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The Barddas of Iolo Morganwg, Vol. I., ed. by J. Williams Ab Ithel, [1862], at


His description also is confined to the Druidism of Gaul, and is to the following effect:--

"And there are among them [the Gauls] composers of verses, whom they call Bards; these, singing to instruments similar to a lyre, applaud some, while they vituperate others. There are also certain philosophers and priests surpassingly esteemed, whom they call Druids. They have also soothsayers, who are held in high estimation; and these, by auguries and the sacrifice of victims, foretel future events, and hold the commonalty in complete subjection: and more

p. lviii

especially, when they deliberate on matters of moment, they practise a strange and incredible rite; for, having devoted a man for sacrifice, they strike him with a sword on a part above the diaphragm: the victim having fallen, they augur from his mode of falling, the contortion of his limbs, and the flowing of the blood, what may come to pass, giving credence concerning such things to an ancient and long-standing observance. They have a custom of performing no sacrifice unattended by a philosopher, For they say that thanksgiving should be offered to the gods by men acquainted with the divine nature and using the same language, and by these they deem it necessary to ask for good .things; and not only in the concerns of peace, but even of war, not friends alone, but even enemies also, chiefly defer to them and to the composers of verses. Frequently, during hostilities, when armies are approaching each other with swords drawn and lances extended, these men rushing between them put an end to their contention, taming them as they would tame wild beasts. " 1

This description is somewhat similar to that which Strabo gives, as the reader will easily perceive. Both authors agree as to the number of the different orders--the esteem in which they were held--their custom of predicting events by means of the sacrifice--and the influence of the Bards in restraining armies from fighting.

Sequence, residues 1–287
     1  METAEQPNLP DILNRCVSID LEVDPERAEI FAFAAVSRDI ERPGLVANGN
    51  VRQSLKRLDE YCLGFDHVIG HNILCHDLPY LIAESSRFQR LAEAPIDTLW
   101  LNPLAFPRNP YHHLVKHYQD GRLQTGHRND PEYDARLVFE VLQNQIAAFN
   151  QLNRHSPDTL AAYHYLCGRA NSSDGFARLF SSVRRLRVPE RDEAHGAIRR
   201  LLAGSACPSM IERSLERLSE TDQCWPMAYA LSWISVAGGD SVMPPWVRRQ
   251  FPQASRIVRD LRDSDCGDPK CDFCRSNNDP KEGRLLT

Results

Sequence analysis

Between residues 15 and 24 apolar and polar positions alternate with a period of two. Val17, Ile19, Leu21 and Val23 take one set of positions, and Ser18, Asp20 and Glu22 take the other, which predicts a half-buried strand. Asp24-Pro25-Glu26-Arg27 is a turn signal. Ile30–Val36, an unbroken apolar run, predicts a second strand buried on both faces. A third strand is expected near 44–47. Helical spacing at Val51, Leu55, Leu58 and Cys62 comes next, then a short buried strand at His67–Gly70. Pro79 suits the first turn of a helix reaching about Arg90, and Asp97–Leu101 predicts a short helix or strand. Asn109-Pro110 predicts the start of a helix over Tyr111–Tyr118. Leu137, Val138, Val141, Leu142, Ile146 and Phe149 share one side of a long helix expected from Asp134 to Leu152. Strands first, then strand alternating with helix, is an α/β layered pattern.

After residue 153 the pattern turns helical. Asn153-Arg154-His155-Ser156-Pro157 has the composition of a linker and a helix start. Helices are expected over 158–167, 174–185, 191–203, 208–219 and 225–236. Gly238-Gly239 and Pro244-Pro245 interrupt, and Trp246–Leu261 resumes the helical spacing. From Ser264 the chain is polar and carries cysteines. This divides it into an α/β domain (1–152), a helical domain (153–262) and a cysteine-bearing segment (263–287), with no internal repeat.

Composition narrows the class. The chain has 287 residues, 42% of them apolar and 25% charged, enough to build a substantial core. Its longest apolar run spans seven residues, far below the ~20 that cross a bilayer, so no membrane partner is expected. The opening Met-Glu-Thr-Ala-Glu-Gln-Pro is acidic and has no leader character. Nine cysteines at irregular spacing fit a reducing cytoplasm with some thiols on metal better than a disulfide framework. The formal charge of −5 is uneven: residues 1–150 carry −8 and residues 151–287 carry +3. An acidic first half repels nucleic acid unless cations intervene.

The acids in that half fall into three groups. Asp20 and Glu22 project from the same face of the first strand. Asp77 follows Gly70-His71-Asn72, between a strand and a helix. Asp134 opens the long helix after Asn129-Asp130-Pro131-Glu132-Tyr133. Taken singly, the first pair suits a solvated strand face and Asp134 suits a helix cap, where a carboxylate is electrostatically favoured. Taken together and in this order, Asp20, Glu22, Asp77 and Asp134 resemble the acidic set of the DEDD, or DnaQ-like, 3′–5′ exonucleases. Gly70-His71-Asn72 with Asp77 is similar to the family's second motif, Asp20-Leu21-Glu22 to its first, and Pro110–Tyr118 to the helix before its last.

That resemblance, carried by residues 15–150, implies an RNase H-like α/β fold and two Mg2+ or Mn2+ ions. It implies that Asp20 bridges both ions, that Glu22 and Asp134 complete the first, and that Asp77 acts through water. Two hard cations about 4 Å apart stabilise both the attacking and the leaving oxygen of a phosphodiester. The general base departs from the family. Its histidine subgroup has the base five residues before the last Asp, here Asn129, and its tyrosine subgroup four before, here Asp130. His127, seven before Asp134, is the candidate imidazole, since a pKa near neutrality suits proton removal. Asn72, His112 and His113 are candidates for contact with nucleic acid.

1. The names of the orders. Whilst Strabo gives the same names as those used by the Cymry, that is, Bards, Ovates, and Druids, Diodorus calls them Bards, Soothsayers, and Druids, making a soothsayer and an ovate to be of the same import, and both are of opinion that this functionary had to do with the act of sacrificing. They, likewise, agree as to the office of the Bard, that he was a singer and a poet, and in respect of the devotion which was paid by the Druid to philosophy, and the necessity of his presence at the sacrifices.

p. lix

2. Vaticinations. Strabo mentions only one thing from which they augured future events, namely, "the palpitation" of the victim; Diodorus adds two other particulars, namely, "his mode of falling" and "the flowing of the blood." There is no allusion to these matters in the Bardic traditions.

3. The mediation of the Druids. According to the declaration of Diodorus, the common people regarded the Druids as mediators between themselves and the gods, and grounded their competency and fitness for that purpose upon the fact that they were acquainted with the divine nature, and used the same language. We have already seen that the Druids of Britain, as well as those of Gaul, studied and taught much respecting the nature and attributes of God. Using "the same language" seems to imply that the language of divine worship was unchangeable, whatever might be that of the people. And since the acts of the Gorsedd in Britain were to be performed at all times in Cymraeg, we may reasonably infer that it was in the old Celtic tongue Druidism was administered on the Continent--there was not much difference between the Cymraeg and the native language of Gaul.


lviii:1 Hist. lib. v. c. 31.

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